On Wed, Feb 10, 2021 at 12:50:41PM +0000, Ian Bowden wrote:
I'm planning to install software on my VPS, which
requires incoming UDP on
Note that quite a few network providers block weird UDP traffic
because they think it might be used for denial of service attacks.
It is quite possible for some entity in the middle to drop your
traffic and as you are not a direct customer of it, it can be hard
My iptables is set to allow incoming udp on that port,
but it remains closed
to the outside world.
There's no such thing as an open UDP port; UDP is a one way
communications protocol with no inherent signalling so (unlike TCP)
there is no response expected to an incoming UDP datagram and no way
for the sender to tell it actually arrived at the other end.
If there is nothing listening at the destination host then the
destination host MIGHT send back an ICMP Destination Unreachable
message, but equally it might just not do anything at all. Also any
intermediary firewall may decide to silently drop the datagram.
It is expected that any application using UDP should do its own
checking inside its own protocol, like expecting some sort of
response or acknowledgement back.
I've set up a simple listener on port 10000
How? This may not have been done correctly. Here's how to do it
$ nc -ul 10000
At the other (client) side:
$ nc -u <your bitfolk IP> 10000
type some stuff here, see it appear other side
then tested using a web service for port checking, and
using telnet from two other locations.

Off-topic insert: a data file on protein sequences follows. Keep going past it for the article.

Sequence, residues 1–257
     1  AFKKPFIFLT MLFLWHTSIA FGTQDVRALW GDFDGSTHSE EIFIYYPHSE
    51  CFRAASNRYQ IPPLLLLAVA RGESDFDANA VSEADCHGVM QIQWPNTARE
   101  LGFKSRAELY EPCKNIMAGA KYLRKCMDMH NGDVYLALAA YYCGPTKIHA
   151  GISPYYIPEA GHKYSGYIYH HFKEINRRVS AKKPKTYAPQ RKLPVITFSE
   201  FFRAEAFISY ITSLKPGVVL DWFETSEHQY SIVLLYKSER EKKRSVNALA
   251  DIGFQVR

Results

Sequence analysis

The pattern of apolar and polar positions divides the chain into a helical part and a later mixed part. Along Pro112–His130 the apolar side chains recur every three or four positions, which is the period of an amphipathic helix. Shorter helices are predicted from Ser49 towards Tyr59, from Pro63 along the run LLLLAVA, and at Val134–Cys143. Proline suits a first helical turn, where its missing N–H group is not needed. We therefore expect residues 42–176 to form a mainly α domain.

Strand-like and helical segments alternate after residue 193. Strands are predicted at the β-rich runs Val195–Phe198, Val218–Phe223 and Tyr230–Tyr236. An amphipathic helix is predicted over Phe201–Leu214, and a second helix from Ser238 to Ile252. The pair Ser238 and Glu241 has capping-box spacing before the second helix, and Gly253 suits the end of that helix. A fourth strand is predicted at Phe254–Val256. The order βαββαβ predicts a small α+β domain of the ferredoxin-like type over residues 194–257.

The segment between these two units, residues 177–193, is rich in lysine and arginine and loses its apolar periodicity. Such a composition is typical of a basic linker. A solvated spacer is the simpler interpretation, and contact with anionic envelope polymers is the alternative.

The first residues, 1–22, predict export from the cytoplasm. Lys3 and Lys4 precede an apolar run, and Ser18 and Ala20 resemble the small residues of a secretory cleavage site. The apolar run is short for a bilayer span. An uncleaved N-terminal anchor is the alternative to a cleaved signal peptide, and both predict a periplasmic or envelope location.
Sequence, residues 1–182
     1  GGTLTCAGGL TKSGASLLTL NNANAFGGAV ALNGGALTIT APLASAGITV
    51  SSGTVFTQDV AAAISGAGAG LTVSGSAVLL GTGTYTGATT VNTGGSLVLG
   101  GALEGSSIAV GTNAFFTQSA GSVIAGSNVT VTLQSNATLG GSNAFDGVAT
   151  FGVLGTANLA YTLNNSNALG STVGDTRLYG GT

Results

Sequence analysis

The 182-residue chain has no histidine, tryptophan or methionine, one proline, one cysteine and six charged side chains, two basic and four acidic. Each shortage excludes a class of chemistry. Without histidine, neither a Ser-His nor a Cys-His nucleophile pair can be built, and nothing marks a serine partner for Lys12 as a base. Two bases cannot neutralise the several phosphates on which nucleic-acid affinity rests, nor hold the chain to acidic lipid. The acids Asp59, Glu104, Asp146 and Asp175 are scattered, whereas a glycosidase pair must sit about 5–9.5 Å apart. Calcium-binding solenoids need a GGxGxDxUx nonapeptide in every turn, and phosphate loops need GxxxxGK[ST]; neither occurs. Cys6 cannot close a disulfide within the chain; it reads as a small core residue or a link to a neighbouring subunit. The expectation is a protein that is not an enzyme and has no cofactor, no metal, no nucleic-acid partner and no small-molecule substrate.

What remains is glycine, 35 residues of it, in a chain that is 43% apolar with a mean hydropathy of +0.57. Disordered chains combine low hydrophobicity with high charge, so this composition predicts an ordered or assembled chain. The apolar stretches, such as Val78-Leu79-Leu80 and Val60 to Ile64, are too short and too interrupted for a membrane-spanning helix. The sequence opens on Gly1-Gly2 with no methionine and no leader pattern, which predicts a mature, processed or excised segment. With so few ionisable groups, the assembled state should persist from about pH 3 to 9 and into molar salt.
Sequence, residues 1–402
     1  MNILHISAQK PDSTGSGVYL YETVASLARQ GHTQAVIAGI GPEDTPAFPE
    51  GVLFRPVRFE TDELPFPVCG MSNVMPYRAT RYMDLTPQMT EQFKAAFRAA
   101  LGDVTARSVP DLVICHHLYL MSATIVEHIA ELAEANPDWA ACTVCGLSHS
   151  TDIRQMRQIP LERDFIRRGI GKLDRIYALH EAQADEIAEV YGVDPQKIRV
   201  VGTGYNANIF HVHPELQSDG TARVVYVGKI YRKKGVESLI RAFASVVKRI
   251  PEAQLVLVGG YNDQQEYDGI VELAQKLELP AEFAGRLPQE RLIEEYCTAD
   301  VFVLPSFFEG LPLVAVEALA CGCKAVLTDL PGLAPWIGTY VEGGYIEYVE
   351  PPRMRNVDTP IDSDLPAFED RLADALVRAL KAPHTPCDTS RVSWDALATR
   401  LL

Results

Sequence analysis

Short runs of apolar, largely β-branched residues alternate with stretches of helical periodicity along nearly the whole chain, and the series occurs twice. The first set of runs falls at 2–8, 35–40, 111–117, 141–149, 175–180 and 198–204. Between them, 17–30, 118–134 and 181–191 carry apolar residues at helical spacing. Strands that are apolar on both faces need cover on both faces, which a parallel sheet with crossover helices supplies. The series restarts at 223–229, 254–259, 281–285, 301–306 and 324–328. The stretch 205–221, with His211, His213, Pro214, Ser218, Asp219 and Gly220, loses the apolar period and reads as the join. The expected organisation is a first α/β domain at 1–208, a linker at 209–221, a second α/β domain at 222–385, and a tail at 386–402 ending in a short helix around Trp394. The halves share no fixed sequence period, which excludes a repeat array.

As Alarig pointed out, telnet is a TCP application so you probably
weren't testing against your UDP listener. It seems likely that the
web site you used worked similarly. What was it?
If you find that your UDP datagrams don't get through, I don't think
you can diagnose where with a normal traceroute, You can do it with
OpenBSD netcat (available in Debian/Ubuntu as netcat-openbsd) by
setting max TTL higher and higher and seeing which hosts respond
with an ICMP Time Exceeded message:
In one window of client look for ICMP Time Exceeded messages:
$ sudo tcpdump -vpni eth0 'dst host <your IP> and icmp and icmp[icmptype] =
In other window, send a datagram with a max TTL of 1 (I'll use one
of my IPs and a port of 53 because I know there's something
nc -uv -M 1 126.96.36.199 53
Watch tcpdump see a message:
13:46:36.901339 IP (tos 0xc0, ttl 255, id 63728, offset 0, flags [none], proto ICMP (1),
188.8.131.52 > 184.108.40.206: ICMP time exceeded in-transit, length 36
First hop was 220.127.116.11.
Set max TTL 2, repeat.
nc -uv -M 2 18.104.22.168 53
13:49:03.186759 IP (tos 0xc0, ttl 254, id 203, offset 0, flags [none], proto ICMP (1),
22.214.171.124 > 126.96.36.199: ICMP time exceeded in-transit, length 36
Next hop was 188.8.131.52
And so on. If some hop is dropping UDP datagrams you will stop
getting ICMP type 11 messages beyond that point.
-- No-nonsense VPS hosting